I don’t think it’s necessarily useful enough to add to my The Best Sites To Teach & Learn About The Olympics list, but a New York Times map of Olympic Medals since the modern Olympics began is a pretty neat looking, and accessible, graphic that students might find interesting.
When you click on a date of the Olympics it shows the place and “bubbles” of various sizes indicating how many medals were won by different countries.
Thanks to the Flowing Data blog for the tip.
That’s really cool! I love this visual data and the top dog who started all this has to be Jonathan Harris. His first project actually was about Words . this is really interesting!!!! http://www.wordcount.org/wordcountNEW.swf
If impressed, that’s nothing. Check out his other projects – I feel fine and Universe Daily Life…. He’s a genius.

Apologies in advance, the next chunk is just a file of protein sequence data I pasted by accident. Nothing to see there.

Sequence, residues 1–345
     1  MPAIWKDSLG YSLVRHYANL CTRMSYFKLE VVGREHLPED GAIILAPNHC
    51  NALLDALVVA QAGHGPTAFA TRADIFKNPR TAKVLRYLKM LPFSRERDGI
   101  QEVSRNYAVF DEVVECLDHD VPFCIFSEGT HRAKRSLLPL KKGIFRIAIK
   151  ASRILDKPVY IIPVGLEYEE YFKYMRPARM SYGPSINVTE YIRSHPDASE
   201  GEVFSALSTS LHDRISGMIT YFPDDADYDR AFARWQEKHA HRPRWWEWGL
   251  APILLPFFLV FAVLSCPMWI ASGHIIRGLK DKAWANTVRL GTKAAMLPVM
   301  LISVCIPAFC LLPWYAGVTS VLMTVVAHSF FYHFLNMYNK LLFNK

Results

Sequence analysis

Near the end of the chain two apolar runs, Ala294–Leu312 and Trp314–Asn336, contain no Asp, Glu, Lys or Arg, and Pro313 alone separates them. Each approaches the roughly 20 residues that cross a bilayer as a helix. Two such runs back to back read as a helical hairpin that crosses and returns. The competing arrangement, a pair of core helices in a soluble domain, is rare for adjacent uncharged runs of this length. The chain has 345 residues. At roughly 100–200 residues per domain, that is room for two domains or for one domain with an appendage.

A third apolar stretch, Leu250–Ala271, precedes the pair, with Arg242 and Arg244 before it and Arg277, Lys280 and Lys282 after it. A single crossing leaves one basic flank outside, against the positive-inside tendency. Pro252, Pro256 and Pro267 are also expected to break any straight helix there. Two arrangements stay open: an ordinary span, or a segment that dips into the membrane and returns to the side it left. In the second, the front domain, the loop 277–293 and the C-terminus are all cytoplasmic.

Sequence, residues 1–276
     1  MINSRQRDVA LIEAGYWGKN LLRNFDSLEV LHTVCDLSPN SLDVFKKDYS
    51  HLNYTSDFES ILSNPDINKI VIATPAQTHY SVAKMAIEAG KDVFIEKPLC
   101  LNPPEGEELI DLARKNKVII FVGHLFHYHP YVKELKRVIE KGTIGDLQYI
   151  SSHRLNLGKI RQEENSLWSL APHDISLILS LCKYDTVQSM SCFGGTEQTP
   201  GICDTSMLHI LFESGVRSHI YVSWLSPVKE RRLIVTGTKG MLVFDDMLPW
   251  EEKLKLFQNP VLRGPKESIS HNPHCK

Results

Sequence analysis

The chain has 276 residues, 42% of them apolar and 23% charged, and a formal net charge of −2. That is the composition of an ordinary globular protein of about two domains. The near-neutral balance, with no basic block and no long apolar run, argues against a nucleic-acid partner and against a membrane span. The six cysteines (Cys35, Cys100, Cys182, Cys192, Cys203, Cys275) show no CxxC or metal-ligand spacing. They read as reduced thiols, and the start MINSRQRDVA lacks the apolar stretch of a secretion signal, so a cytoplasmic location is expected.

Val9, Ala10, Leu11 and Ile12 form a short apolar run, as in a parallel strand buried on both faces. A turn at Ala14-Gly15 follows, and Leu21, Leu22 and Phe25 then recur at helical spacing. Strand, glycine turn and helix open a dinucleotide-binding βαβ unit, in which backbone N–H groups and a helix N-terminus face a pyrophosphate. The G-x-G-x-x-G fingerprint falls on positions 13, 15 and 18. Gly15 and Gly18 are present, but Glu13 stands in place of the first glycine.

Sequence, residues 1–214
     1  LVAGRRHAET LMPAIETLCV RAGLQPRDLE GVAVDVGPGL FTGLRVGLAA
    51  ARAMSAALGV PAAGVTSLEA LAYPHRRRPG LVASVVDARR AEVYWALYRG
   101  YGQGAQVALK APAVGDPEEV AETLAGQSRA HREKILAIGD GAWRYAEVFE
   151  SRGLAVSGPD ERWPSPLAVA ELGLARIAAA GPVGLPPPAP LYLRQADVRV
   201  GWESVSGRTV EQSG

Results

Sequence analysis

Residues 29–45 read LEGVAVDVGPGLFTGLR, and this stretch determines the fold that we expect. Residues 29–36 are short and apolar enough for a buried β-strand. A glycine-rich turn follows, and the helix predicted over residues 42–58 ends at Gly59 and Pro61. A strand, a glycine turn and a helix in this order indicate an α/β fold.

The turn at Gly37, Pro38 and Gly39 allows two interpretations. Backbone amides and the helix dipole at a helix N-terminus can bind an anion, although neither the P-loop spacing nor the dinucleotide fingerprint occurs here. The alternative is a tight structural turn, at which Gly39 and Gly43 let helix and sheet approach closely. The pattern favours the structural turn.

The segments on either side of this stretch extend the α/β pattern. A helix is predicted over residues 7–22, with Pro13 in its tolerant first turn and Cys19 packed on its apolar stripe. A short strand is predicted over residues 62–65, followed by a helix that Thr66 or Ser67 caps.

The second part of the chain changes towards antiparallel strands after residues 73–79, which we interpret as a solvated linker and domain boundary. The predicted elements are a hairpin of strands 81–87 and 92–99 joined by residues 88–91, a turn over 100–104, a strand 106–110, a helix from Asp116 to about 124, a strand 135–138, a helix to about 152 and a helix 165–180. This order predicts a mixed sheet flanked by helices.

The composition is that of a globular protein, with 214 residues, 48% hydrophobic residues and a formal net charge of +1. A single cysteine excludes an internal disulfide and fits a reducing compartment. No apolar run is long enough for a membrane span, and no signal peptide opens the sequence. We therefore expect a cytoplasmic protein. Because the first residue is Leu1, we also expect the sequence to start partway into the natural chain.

I just updated our Olympic page ( http://eflclassroom.ning.com/wpage/olympics ) with flash explanations of EACH sport. Really easy to use and nice explanations of these sports. Courtesy of the Olympic Committee. Here’s one – get them all and articles / bios of the top 100 athletes to watch http://www.olympic.org/uk/sports/flash/summer/afp/WP/WP_EN.html
ReadWriteWeb.com reported about the ability to watch over 2,200 hours of online video of the upcoming Olympics at http://www.readwriteweb.com/archives/beijing_olympics_online_video.php. Add to this to the resources available to teachers creating units on the event. 🙂 My sons were excited because it may be their only chance to see events such as the shot put and the discus, which are rarely televised.